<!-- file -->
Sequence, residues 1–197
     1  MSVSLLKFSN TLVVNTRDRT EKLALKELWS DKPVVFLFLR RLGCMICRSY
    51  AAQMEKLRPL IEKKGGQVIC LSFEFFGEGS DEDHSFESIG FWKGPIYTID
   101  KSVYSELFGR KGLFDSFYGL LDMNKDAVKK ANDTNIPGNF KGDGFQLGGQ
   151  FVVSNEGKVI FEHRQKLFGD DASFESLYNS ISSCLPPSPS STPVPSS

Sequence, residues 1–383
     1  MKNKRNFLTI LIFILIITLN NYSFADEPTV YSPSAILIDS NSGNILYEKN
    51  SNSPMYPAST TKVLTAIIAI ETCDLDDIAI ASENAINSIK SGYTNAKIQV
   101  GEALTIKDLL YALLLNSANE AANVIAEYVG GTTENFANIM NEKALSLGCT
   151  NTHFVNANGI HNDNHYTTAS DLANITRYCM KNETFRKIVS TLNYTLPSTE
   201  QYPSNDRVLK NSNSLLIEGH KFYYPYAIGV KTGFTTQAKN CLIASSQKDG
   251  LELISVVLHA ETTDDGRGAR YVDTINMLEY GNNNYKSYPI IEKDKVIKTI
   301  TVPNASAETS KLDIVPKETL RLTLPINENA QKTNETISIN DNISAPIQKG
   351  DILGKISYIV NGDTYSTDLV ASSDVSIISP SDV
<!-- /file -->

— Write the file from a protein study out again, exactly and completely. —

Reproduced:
Sequence, residues 1–197
     1  MSVSLLKFSN TLVVNTRDRT EKLALKELWS DKPVVFLFLR RLGCMICRSY
    51  AAQMEKLRPL IEKKGGQVIC LSFEFFGEGS DEDHSFESIG FWKGPIYTID
   101  KSVYSELFGR KGLFDSFYGL LDMNKDAVKK ANDTNIPGNF KGDGFQLGGQ
   151  FVVSNEGKVI FEHRQKLFGD DASFESLYNS ISSCLPPSPS STPVPSS

Sequence, residues 1–383
     1  MKNKRNFLTI LIFILIITLN NYSFADEPTV YSPSAILIDS NSGNILYEKN
    51  SNSPMYPAST TKVLTAIIAI ETCDLDDIAI ASENAINSIK SGYTNAKIQV
   101  GEALTIKDLL YALLLNSANE AANVIAEYVG GTTENFANIM NEKALSLGCT
   151  NTHFVNANGI HNDNHYTTAS DLANITRYCM KNETFRKIVS TLNYTLPSTE
   201  QYPSNDRVLK NSNSLLIEGH KFYYPYAIGV KTGFTTQAKN CLIASSQKDG
   251  LELISVVLHA ETTDDGRGAR YVDTINMLEY GNNNYKSYPI IEKDKVIKTI
   301  TVPNASAETS KLDIVPKETL RLTLPINENA QKTNETISIN DNISAPIQKG
   351  DILGKISYIV NGDTYSTDLV ASSDVSIISP SDV